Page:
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Psychiatrists’ burning out, leaving patients at risk 


Nine in 10 NSW psychiatrists are experiencing burnout, with workforce shortages now risking patient care.  

In a nationwide survey conducted by the Royal Australian and New Zealand College of Psychiatrists, psychiatrists reported high pressures and a mounting NSW mental health system has left 74% experiencing multiple symptoms of burnout in the past three years. 

Sadly, it also revealed 30% of NSW’s psychiatrists are considering leaving the profession in the next five years. 

The RANZCP is responsible for training, educating and representing psychiatrists in Australia and New Zealand.

Of the 367 psychiatrists it surveyed in NSW, 80% said they felt exhausted and drained all the time in the past three years. 

While 82% said workforce shortages and inadequate staffing are contributing to burnout amongst psychiatrists, 78% said it was under resourcing of the mental health system and 69% said workloads and increasing complexity of mental health presentations was to blame. 

Previous Australian Institute of Health and Welfare (AIHW) data has indicated that there are as few as zero psychiatrists in many very remote parts of NSW, causing a big gap in mental health service delivery for communities in the bush. 

Chair of the NSW branch of the RANZCP Dr Angelo Virgona said the findings underscored the severity of the workforce shortage crisis in the state’s mental health system.   

“There is a critical and chronic shortage of psychiatrists in NSW,” she explained.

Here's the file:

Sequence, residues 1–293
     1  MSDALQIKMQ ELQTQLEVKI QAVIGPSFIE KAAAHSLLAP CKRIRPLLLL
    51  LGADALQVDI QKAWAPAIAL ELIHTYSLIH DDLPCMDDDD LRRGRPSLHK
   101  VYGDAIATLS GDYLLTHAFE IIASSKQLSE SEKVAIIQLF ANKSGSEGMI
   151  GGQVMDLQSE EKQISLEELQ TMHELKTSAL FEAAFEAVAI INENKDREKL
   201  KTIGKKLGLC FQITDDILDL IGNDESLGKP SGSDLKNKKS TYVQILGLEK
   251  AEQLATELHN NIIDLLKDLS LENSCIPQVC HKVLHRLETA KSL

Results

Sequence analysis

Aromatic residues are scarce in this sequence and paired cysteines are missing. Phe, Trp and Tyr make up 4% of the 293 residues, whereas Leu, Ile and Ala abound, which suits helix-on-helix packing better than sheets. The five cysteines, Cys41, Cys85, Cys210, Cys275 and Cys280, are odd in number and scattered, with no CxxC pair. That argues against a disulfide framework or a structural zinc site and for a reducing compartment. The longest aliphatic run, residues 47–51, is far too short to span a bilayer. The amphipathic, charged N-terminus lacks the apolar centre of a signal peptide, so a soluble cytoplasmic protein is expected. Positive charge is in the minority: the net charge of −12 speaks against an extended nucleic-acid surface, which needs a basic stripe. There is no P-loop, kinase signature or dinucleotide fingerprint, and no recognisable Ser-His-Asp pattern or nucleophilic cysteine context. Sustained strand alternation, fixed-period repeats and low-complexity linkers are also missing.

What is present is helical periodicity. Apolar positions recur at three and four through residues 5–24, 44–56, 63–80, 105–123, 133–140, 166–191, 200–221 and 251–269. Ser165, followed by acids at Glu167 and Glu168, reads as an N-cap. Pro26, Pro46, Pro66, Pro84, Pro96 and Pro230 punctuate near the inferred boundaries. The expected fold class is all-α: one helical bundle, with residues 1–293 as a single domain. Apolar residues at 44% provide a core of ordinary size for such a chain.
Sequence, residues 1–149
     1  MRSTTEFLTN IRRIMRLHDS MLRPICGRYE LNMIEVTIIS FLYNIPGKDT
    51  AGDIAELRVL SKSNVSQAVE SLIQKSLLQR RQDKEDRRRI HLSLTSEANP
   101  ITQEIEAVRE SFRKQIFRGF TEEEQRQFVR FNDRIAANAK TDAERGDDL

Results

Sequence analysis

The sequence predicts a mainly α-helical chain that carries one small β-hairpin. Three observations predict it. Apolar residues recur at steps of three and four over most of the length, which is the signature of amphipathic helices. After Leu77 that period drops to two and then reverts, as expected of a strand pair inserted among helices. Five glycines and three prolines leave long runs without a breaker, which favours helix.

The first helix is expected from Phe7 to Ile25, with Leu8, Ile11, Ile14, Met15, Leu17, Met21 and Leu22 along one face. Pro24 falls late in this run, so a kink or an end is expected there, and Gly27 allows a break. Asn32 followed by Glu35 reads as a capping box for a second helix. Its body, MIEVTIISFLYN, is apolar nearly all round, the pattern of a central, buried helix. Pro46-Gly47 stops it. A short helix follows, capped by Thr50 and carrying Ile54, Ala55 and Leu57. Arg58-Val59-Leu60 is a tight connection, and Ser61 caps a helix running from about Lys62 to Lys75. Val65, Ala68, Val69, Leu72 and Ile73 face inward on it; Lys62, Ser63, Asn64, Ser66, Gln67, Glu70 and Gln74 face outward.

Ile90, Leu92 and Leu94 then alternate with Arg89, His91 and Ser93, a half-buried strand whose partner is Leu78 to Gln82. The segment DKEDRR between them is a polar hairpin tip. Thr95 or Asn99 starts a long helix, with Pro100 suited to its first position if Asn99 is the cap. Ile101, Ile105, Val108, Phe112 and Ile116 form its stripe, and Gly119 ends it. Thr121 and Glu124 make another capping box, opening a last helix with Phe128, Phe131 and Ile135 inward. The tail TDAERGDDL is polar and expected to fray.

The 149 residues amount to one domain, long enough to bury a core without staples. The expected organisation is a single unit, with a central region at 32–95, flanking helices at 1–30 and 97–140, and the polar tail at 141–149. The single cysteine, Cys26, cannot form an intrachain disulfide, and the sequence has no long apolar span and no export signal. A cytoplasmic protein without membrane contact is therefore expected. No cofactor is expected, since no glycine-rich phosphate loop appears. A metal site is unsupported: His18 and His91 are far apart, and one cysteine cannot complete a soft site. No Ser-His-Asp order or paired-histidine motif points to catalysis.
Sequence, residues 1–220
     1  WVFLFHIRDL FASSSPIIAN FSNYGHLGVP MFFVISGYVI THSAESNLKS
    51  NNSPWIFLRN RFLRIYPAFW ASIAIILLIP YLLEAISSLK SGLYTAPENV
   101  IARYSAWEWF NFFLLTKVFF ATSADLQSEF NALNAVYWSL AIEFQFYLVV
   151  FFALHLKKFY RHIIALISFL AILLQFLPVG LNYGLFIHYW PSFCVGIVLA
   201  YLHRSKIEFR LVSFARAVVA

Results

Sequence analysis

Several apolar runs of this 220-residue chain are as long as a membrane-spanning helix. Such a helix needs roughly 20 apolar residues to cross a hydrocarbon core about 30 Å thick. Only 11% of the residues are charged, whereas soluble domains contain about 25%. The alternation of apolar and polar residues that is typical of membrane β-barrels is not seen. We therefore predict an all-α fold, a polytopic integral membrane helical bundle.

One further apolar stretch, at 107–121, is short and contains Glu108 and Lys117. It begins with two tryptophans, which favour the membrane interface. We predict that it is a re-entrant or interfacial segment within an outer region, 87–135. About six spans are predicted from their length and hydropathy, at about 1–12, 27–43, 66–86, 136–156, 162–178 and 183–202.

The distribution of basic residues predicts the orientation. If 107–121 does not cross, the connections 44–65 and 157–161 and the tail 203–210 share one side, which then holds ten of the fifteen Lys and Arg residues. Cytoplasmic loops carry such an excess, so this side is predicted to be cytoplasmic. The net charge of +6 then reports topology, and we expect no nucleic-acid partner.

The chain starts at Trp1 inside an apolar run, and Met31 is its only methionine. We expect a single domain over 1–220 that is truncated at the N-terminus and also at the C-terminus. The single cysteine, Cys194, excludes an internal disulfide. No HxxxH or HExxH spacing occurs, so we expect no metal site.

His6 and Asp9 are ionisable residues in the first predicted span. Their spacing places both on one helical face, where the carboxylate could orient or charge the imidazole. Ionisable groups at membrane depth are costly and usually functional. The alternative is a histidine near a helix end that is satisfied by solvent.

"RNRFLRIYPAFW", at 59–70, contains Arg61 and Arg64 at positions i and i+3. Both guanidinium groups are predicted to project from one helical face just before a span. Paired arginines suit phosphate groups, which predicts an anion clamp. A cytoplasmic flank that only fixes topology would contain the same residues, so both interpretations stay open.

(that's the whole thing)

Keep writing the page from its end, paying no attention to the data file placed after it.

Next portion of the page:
“It is not just the public sector where there has been an ongoing drain of psychiatrists, but also the private sector, with closed books and long waiting lists. 

“Private hospitals provide about half the admissions for mental health disorders in Australia, but many are currently at risk of closure due to psychiatry shortages. 

“As a result, patients are having to navigate an overburdened mental healthcare system and are often met with closed doors everywhere.  

“The system is so fragmented that you have to be a genius or lucky to figure out how and where to get help. 

“Some of our most vulnerable people with acute mental illnesses then fall through the cracks because help is too far away, too long a wait, too expensive or, for people in the bush, simply unavailable. 

“And, the workforce shortage has placed an unsustainable burden on psychiatrists in the system. Hence the burn-out as seen in our survey. 

“We don’t have time to liaise with other health providers, and patients can’t access enough of the therapy they need due to cost or lack of practitioners.  

“It’s a lottery system, but accessing lifesaving, vital mental healthcare should not be.” 

Dr Virgona said the Federal and NSW Government needed to work together to ensure that the mental health services in NSW are adequately resourced, with targeted and sustainable investment in the psychiatry workforce. 

“Good mental health is good for the economy, as evidenced by the Productivity Commission,” she added. 

“We’re calling on Treasurer Jim Chalmers and Minister for Health Mark Butler to invest in bolstering the mental health workforce in Australia’s most populous state, NSW, and its remotest corners.  

“In the 2024 Federal Budget, we’re expecting to see dedicated funding to improve the psychiatry workforce and training pipeline in the state, with incentives aimed at attracting and retaining people into the profession and in rural and regional areas. 

“Getting Australians the help they need, when they need it and where they need it from a skilled and well supported workforce, can go a long way in prevention and early intervention into mental health conditions. 

“With affordable and timely access to mental healthcare, rural communities can live their lives meaningfully and to their fullest,” Dr Virgona said. 

Ahead of the Federal Budget in May, the RANZCP is calling on the Federal Government to invest more than $35 million to attract and support the psychiatry workforce, as well as investing $6.95 million to extend the Military and Veteran Psychiatry Training Program from 2025 to 2028.  

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